A couple of months back I had a nice phone with the business manager of a big union. They are an ethical union that maintains a list of lawyers to recommend to their members. I say that they are ethical because you don’t get on their list by giving them cash, presents, nights out with strippers, etc. Sad but true that there are some unions who only recommend attorneys because they pay for it. Those aren’t unions that look out for their members.

I’m proud to be on their list and there a lot of other good names on there as well. They were updating their list and asked if I knew about certain attorneys. A couple of them were at firms where the main attorneys were now retired. One of them is listed as a firm, but it’s really just one guy.

This list was old and I do think most of these recommendations were good at one time. The point is that just because someone was a great attorney ten years ago, doesn’t mean that they are the right one to hire now.

The number one reason a lawyer goes from great to meh is age. They start thinking about winding down their practice. They spend the winter in Florida or Arizona or traveling. They hire a younger associate to do most the work. They start to lose the fighter gene that made them so great a long time ago. Covid hasn’t helped either as a lot of people have been isolated during the last few years and that has hurt them mentally.

These things happen. It’s OK for a lawyer to want a life outside of work. But if they don’t want to put in the effort that is needed to be great anymore, then they aren’t right for you.  And while there are other reasons such as burnout, family trouble, health, etc. that causes attorneys to not be good at their job, age is really the one you should be thinking about.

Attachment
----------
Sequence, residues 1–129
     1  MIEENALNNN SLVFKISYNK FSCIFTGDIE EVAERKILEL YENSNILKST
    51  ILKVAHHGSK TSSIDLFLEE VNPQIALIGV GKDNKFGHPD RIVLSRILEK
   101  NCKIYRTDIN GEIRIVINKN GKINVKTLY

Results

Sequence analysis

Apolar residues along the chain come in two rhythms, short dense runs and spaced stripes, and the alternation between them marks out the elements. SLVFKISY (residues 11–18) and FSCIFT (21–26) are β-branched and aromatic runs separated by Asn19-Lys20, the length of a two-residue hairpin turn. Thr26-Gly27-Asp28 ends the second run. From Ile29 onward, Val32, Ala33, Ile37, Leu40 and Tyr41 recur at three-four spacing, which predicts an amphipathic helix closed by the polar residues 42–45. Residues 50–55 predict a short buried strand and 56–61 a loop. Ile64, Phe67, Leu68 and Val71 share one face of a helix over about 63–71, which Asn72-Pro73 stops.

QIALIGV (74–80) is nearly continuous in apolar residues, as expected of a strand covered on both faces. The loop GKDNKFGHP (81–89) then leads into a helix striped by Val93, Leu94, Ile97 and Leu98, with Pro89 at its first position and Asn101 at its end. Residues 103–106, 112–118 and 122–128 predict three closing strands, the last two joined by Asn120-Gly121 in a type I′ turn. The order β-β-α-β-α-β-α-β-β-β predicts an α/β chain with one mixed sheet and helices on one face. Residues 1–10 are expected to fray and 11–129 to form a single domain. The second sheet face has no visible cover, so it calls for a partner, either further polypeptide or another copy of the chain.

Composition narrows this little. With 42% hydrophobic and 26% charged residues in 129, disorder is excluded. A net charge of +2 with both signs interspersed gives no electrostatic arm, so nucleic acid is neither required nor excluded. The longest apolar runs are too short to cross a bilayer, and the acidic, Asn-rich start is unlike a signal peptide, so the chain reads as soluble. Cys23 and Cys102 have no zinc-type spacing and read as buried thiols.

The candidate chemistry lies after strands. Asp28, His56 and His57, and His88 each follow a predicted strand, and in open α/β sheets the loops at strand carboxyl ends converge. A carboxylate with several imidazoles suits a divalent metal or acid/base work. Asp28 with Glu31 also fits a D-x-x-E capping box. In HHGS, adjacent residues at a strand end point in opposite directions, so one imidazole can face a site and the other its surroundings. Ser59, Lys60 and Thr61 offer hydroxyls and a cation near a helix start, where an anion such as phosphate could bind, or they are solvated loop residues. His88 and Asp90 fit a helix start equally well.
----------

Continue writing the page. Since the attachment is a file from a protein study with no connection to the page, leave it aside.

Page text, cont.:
If you suffer a major injury today, it’s possible your case could last five years or more. So if you hire an attorney who is 65, you better hope that they want to still practice law and will be good at it at age 70. And if they want to practice law at age 70 you better find out why. Most successful lawyers get out way before then. I’ll be honest that one big reason I’ve turned my practice in to a network of attorneys is that I don’t want to be in a situation where I want to retire but can’t because I’d have to lessen my service or abandon a client.

Big picture, you want a lawyer who is experienced, but not too experienced. And if you get a recommendation for a lawyer from someone who says they did a good job for them, ask them when it was. If it was a while ago and the lawyer is old now, proceed with caution and make sure you really interview the attorney to see if they are the right fit for you.

What I can do for you is listen to the facts about your case, offer advice based on 25 years of experience and recommend which lawyer I know is best for your case and unique set of facts. If you would like help you can reach out for free and in confidence at 312-346-5578.